A safe Korea is a proactive Korea
Also last Friday, I spoke with a journalist friend who had been sent to Danwon High School to do some reporting. He told me he just wandered around the school, to get a sense of the mood there. His photographer went around taking non-close-up photographs. Others, he said, were less restrained. TV news crews were shoving cameras in the faces of crying children, for example. One reporter walked into a classroom and asked a clearly upset student for an interview. The kid screamed to be left alone. Hearing this display of emotion from outside, a scrum of other reporters leapt up and burst into the room, and surrounded the poor child. If you want an example of “being uncivilized,” then this would be a good one.
Those were local reporters. But then a normally respectable Western newspaper tweeted: “Relative of passenger on sunken South Korean ferry weeps. More photos: [link].” How grim. The hoary old “Korean culture is to blame” line was going around in the international media, too. There was a particularly silly report on CNN, in which both the presenter and on-the-ground reporter suggested that Korea’s strong penchant for obedience was somehow to blame for the children not getting off the boat sooner. I wonder if CNN would speculate whether a disaster in the United States was a result of American culture, especially while the rescue was still going on?
But in the end, nobody criticizes Korea as much as Koreans themselves. During the past week, I have heard so many people here saying this country is “third rate one,” morally bankrupt, or backward. Most disturbingly, I keep hearing the word “developed country” over and over again, and why disasters like the Sewol ferry mean Korea isn’t one.
First of all, I’d like to say very generally that this fixation with the advanced nation narrative is one of the most destructive forces in Korean society. It encourages a quick-fix, do-it-now mentality toward everything, prevents genuine social progress and positive reflection on Korea’s achievements, and aggravates the disease of comparing absolutely anything that can be measured in numbers with its equivalent in country X, Y or Z. Ironically, the advanced nation idea works to prevent Korea from actually becoming a happier, safer country. But more importantly right now, this broad-brush defeatism - alongside the ongoing barrage of insensitive media reporting - is becoming a psychological distraction from the obvious work ahead.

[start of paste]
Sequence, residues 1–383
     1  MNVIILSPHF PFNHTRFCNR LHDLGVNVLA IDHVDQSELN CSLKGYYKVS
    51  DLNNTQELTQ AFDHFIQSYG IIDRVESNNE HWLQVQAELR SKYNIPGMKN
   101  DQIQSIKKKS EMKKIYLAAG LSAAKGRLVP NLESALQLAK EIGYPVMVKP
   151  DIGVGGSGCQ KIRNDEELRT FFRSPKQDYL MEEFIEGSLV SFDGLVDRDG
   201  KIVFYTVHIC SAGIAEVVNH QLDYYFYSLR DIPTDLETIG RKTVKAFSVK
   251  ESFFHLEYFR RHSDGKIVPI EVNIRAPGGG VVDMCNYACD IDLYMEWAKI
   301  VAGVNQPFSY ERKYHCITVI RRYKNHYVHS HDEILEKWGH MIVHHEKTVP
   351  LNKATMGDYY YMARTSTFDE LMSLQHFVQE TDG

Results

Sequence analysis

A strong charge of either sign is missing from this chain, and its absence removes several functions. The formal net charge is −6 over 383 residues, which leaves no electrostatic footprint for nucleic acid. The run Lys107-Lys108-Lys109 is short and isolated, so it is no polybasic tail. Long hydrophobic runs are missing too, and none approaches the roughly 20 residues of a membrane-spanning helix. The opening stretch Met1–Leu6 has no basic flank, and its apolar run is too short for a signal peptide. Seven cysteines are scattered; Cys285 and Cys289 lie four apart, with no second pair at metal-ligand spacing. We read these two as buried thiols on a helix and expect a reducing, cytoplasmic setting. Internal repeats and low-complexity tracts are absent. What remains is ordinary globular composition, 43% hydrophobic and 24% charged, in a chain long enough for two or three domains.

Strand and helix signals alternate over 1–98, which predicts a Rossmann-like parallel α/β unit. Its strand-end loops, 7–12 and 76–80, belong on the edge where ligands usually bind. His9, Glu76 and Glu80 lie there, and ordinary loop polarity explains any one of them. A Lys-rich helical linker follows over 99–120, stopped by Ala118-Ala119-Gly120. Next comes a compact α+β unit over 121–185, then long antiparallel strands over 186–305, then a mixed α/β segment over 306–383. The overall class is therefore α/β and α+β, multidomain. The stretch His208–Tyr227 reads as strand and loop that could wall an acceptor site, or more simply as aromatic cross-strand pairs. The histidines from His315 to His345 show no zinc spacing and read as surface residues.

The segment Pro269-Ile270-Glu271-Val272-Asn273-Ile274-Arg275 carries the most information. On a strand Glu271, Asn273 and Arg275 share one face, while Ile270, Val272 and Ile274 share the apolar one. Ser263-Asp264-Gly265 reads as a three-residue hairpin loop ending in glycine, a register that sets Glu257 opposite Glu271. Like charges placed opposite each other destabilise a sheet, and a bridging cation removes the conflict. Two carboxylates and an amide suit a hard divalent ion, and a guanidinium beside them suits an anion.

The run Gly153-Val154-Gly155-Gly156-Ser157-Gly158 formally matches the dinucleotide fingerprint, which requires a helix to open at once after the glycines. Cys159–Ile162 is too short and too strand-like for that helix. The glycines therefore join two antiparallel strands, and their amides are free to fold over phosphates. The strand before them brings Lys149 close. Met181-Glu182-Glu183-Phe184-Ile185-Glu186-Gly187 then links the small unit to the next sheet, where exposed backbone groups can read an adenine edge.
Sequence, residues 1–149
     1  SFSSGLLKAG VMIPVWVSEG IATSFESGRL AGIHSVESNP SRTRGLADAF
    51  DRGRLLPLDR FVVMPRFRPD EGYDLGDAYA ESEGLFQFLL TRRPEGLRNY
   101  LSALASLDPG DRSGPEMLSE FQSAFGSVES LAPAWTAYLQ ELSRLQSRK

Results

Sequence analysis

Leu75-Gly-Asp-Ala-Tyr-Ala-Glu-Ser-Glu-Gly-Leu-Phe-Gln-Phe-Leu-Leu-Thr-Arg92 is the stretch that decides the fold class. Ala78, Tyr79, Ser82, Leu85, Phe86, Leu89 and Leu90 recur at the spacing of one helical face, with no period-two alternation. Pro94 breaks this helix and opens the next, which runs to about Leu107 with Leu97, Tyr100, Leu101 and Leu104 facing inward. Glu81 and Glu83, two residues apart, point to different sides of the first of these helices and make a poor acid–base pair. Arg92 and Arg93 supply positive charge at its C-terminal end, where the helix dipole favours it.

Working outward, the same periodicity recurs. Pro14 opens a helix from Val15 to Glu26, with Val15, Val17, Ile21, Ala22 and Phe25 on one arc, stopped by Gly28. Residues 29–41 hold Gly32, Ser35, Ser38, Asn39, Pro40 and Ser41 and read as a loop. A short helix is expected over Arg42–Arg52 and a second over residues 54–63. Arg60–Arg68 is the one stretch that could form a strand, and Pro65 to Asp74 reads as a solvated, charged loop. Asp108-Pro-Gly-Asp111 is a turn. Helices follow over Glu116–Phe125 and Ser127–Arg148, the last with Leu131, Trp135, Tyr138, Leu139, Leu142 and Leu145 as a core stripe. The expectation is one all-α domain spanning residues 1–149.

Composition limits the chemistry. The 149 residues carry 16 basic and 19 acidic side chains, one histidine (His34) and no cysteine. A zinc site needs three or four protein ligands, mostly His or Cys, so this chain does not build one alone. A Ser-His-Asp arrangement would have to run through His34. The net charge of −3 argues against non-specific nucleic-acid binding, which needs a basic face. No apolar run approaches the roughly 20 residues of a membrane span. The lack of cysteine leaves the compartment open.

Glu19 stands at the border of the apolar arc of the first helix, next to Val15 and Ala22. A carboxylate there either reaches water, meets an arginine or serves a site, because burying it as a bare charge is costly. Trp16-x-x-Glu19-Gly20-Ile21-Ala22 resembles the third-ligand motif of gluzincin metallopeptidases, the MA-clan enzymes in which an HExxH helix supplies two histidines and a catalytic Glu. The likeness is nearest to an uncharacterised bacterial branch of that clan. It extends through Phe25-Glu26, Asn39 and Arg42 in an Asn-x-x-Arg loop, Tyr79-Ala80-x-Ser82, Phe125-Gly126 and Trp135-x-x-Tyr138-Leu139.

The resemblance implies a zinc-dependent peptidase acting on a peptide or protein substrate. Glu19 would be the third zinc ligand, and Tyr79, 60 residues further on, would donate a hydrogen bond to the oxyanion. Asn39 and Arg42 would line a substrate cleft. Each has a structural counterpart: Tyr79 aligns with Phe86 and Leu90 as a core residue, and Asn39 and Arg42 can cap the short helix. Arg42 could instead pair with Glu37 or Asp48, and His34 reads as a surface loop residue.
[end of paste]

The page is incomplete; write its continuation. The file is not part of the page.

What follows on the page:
It is painfully clear, not just because of the events of the past week, that safety is a problem in Korea. On a smaller scale, we see evidence of this every day on the streets. Bosses pressure bus and food delivery drivers to arrive “on time” rather than safely, making them drive like maniacs. Many construction and maintenance sites are not properly cordoned off from the public.
When accidents happen, the instinct is to cover up rather than acknowledge the problem, as I know (but cannot “prove”) to be the case at one very large construction project going on right now in Seoul. And the authorities do not respond aggressively enough; those guilty of cutting corners with safety need to be punished severely, and publicly shamed - preferably following a proper inspection, rather than an accident. The general public also needs much better safety consciousness: Do you use your seat belt every time you get in a car? Why not? And how many people you know have driven drunk?
Overall, Korea needs a much tougher approach to public safety. Drills and procedures, laws, enforcement, public education and the emergency response of the authorities; all need serious improvement. Not just on boats, but in the workplace, on the streets and anywhere else that accidents can happen. In other rich countries, people often complain about excessive safety regulation. But that is better than the other extreme.
In 10 years’ time, we need to be able to look back on the ferry tragedy as a turning point, the start of a safer Korea. Under normal circumstances, the kind of overhaul required would meet inertia and push-back. But right now, it wouldn’t. This is the time to get it done. One of Korea’s greatest strengths is the ability to band together and make a change when the chips are down. Hopefully this time will be no exception. The best tribute to the victims, and the best expression of love for the people, will come from those who act positively and constructively to prevent future tragedies big and small.
*The author is the former Seoul correspondent for The Economist.
BY Daniel Tudor